The Redskins will take on the Oakland Raiders Sunday with a patchwork offensive line that they are counting on not to break under stress and an improving defense they hope won't crack under the bombs-away thrusts of quaterback Dan Pastorini.

Those offensive line problems -- tackles George Starke and Terry Hermeling are sidelined with knee injuries -- have made the Redskins heavily dependent on the defense, which showed signs last week against the Giants taht it was developing into a cohesive unti.

"The defense has to carry us until we can get all of our offensive people healthy again," Coach Jack Pardee said. "I was very happy with the way we played against the Giants' offense. Except fro three long pass plays, we did just about everything right."

But that vulnerability to long passes could prove fatal in this 4 p.m. (EDT) game (WDVM -TV-9) against the gambling Raiders, who long have thrived on quick air strikes and are rated three-point favorites.

"We like to go long," Coach Tom Flores said, "but that doesn't mean we just throw the ball around wildly. But when you have a quarterback like Dan Pastorini and a receiver like Cliff Branch, it's crazy not to put it up once in a while."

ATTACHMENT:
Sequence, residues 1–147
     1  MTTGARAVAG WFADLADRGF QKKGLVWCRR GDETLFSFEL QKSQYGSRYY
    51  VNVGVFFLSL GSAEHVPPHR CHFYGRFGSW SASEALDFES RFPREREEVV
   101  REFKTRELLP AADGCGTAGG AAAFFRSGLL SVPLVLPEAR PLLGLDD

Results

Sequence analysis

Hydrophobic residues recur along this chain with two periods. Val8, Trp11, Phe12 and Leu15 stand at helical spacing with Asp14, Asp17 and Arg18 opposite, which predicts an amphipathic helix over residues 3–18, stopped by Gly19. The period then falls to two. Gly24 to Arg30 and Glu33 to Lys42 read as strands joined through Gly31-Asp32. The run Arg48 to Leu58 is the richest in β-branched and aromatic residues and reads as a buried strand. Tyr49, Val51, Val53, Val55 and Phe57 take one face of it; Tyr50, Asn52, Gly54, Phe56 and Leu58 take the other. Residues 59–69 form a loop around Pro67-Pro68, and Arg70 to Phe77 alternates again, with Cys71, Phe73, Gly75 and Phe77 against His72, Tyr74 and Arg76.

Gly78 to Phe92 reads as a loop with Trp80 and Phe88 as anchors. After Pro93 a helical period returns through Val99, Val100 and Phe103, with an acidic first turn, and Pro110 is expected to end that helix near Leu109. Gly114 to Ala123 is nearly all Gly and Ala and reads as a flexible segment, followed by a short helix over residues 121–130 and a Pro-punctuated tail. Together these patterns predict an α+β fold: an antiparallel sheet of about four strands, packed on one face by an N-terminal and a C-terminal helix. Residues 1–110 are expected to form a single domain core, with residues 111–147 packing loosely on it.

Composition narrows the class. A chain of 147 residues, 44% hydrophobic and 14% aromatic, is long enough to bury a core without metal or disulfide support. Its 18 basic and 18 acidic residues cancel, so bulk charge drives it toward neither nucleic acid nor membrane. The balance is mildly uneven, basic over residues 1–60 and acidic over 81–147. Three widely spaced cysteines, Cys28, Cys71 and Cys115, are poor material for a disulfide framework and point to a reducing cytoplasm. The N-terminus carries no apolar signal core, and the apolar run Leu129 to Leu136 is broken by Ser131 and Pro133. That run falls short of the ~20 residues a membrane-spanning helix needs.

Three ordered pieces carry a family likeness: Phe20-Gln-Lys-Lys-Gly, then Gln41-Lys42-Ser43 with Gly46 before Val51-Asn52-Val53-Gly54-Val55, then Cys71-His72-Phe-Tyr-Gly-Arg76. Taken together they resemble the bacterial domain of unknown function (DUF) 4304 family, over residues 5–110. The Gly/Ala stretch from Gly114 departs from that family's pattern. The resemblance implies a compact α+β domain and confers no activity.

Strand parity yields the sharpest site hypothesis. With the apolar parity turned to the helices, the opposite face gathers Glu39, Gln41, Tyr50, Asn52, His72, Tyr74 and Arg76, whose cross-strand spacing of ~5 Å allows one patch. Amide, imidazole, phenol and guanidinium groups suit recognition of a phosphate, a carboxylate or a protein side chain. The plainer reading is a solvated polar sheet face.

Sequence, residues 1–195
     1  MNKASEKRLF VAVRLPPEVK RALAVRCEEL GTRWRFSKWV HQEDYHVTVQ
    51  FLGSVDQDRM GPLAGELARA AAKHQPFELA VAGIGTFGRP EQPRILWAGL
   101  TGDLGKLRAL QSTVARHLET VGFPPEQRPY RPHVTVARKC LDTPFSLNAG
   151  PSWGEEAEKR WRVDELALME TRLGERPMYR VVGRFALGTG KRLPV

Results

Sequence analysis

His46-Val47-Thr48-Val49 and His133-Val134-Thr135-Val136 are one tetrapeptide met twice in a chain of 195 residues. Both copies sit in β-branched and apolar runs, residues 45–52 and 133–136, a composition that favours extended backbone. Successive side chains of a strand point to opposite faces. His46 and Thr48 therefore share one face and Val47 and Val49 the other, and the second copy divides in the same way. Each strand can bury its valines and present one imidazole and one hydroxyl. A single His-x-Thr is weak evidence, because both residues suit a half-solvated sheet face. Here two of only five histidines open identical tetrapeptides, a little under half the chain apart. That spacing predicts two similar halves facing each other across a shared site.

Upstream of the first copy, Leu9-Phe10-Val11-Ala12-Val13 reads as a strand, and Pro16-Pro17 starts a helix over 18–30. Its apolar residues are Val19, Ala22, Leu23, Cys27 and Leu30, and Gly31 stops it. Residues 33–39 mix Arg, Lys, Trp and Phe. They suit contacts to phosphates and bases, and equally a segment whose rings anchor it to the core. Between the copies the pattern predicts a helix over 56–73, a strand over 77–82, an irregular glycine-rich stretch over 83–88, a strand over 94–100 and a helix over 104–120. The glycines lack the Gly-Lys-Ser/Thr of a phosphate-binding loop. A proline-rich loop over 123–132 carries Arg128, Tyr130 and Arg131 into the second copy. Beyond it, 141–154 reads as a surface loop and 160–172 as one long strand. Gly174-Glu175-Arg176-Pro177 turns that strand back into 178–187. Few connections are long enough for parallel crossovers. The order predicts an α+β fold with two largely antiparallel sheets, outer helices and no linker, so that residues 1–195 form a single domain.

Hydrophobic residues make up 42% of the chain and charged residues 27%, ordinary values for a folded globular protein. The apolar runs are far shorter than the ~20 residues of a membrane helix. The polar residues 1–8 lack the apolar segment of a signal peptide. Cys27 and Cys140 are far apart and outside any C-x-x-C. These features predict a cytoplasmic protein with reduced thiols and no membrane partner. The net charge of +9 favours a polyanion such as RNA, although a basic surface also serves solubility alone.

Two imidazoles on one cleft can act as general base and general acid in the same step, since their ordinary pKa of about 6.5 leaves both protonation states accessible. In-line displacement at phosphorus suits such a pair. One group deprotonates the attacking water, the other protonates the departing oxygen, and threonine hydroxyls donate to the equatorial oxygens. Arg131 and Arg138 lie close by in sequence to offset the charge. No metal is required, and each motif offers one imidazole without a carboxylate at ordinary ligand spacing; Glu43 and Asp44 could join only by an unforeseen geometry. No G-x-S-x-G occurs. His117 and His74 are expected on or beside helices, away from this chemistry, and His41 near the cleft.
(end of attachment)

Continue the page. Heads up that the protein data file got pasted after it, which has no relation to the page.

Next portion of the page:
Washington came into this season hoping to cut the number of long passes if allowed last season. But both Dallas' Danny White and New York's Phil Simms have burned the Redskins' talented secondary in the first two games with 30-yard plus completions. And neither of them has an arm like Pastorini's.

"You've got to play a couple of steps back just because you know he like to throw long," free safety Mark Murphy said. "I have to be very conscious of not letting anyone get behind me."

But don't be deceived by the Raiders' flamboyance. Pardee says they remain "a pick and shovel running team." Oakland will mix both run and pass in equal portions, concentrating mostly on trying to jam the ball through the center of Washington's defense with the power thrusts of fullback Mark van Eeghen. And when the Redskins start thinking about his runs, new halfback Kenny King, an offseason acquisition from Houston, will try the ends.